Date of Submission

Spring 2014

Academic Programs and Concentrations

Music

Project Advisor 1

John Esposito

Abstract/Artist's Statement

This Limitless Empty

An Atmospheric Lyricplay; An Experimental Circus

Senior Project Submitted to

The Division of Arts

of Bard College

By

Alexandra Overing

Annandale-on-Hudson, NY

May 2014

Alexandra Overing

Artist’s Statement: This Limitless Empty

This Limitless Empty started as my kooky brainchild during the second half of my hardest year thus far. First semester of junior year, with it’s sudden spell of long lasting insomnia and never-ending pneumonia, left my mind clouded with a thick, humid smoke of self concern. I largely forgot about the needs of those around me and alienated myself as I wallowed in my malaise. In March, the death of Karolina, who I had perceived to be the strongest, most self-assured and star-charged human, left myself and everyone around me at a loss. It seemed as though our sky was cracking; if this light in our life would willingly extinguish itself, how could we hope to find light in ourselves? Then came the heartbreak.

During this time, I was taking a great deal of Buddhism classes and studying it on my own regularly. I meditated most days and found a huge amount of comfort in the idea of eliminating pain by eliminating the concept of reality entirely. It was a sudden relief to assign equal weight to every occurrence in the universe. I became ritualistic, filling my offering bowls every day and pushing my mala beads to the cyclic rhythm of “om mani peme om.” For the first time in my life, I was religious.

I had always wanted my senior concert to be big and to follow a storyline. When I began writing, I intended to write songs that followed a character from a period in their life of intense, but temporary suffering, to gaining relief from the realization of the relative and forever fluxing nature of the universe through Buddhism. At the time, the only thing that was keeping my sudden newfound religiosity at bay was the strict nature of ritual. I had explored many different sects of Buddhism in my studies, each with their own unique sets of rituals reinforcing and dressing up the same underlying philosophy. Each sect took their own rituals very seriously. I found that especially the teacher under whom I was primarily studying was very strict about following the rituals of her lineage exactly, and discouraged me from finding my own means of practicing that best served me.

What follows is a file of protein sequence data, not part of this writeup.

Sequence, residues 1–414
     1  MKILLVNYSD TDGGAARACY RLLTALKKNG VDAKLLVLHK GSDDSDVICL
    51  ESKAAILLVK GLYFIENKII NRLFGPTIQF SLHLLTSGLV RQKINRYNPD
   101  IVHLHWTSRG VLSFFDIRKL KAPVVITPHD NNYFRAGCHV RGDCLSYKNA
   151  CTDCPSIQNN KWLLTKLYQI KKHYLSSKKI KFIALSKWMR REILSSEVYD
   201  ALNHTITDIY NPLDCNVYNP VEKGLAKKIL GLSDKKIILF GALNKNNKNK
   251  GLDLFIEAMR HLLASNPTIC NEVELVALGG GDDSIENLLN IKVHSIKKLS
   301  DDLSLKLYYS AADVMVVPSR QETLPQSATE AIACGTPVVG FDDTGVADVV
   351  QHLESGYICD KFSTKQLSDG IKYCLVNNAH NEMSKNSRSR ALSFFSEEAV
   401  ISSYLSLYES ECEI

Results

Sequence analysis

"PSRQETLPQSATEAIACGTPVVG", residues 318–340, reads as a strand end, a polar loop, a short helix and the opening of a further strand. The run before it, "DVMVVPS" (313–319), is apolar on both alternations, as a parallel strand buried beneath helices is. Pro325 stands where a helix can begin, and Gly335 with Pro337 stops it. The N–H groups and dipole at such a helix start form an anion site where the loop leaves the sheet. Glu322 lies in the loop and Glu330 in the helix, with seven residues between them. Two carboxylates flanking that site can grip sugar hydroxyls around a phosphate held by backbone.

Over the summer, a conversation with a new friend left me once again hyper-interested in the link between Einstein’s theory of relativity and the fundamental philosophy underlying Buddhism. It was an idea that I had explored before in the past and it had initially drawn me to Buddhism, but I realized then that I wanted to the storyline of my concert to instead follow the character’s discovery of Buddhism through the exploration of the science that lends the philosophy legitimacy.

I then discovered Taoism, which to my current understanding took most of the philosophy underlying Buddhism and allowed it to stand on it’s own, not shrouded by an outward appearance of religiosity and ritual. While studying Buddhism, I had always felt the need to keep myself hyper aware of the fact that the Buddha had never initially intended for his teachings to become religion. When I discovered that it really was possible to pay attention to the philosophy alone, I felt that pressure to ignore the less appealing aspects of Buddhism go away. In terms of my concert though, this new finding left me in a temporary crisis. I had created a muse figure that throughout the concert teaches the character about Buddhist philosophy in the same way that a religious lama would. This muse figure instead became another side of the character’s conscience; a voice in their head that tends the mind to think beyond the self and helps them place themselves in the greater scheme of the universe and the illusion of reality. This conscience is juxtaposed against a childlike presence, dressed in white, who represents a painful naivety of allowing oneself to get caught up in selfish suffering. The naïve figure appears during the first four songs of the show, songs that spiral the character through loss and heartbreak down to rock bottom misery. When the character implores to the void, “Do you know the way to nowhere?!” the wise other half of consciousness answers that nowhere and nothingness is all that exists around us, but that it’s truth can only be found when one stops looking for it. The conscience gives the character a taste of Buddhism, with it’s beautiful message shrouded by layers of ritual and a hierarchy of the knowledgeable and powerful. When the character asks, “But what happens if we strip all the extra fluff away?” the songs move on to explore the emptiness of reality, and the way that everything we perceive is shaped by language and previous experience. Once the main character has discovered and come to understand the emptiness of reality purely through thought and without reference to religion, the veil of personal suffering is lifted and the show climaxes with a joyous finish.

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Creative Commons License

Creative Commons License
This work is licensed under a Creative Commons Attribution-Noncommercial-No Derivative Works 3.0 License.

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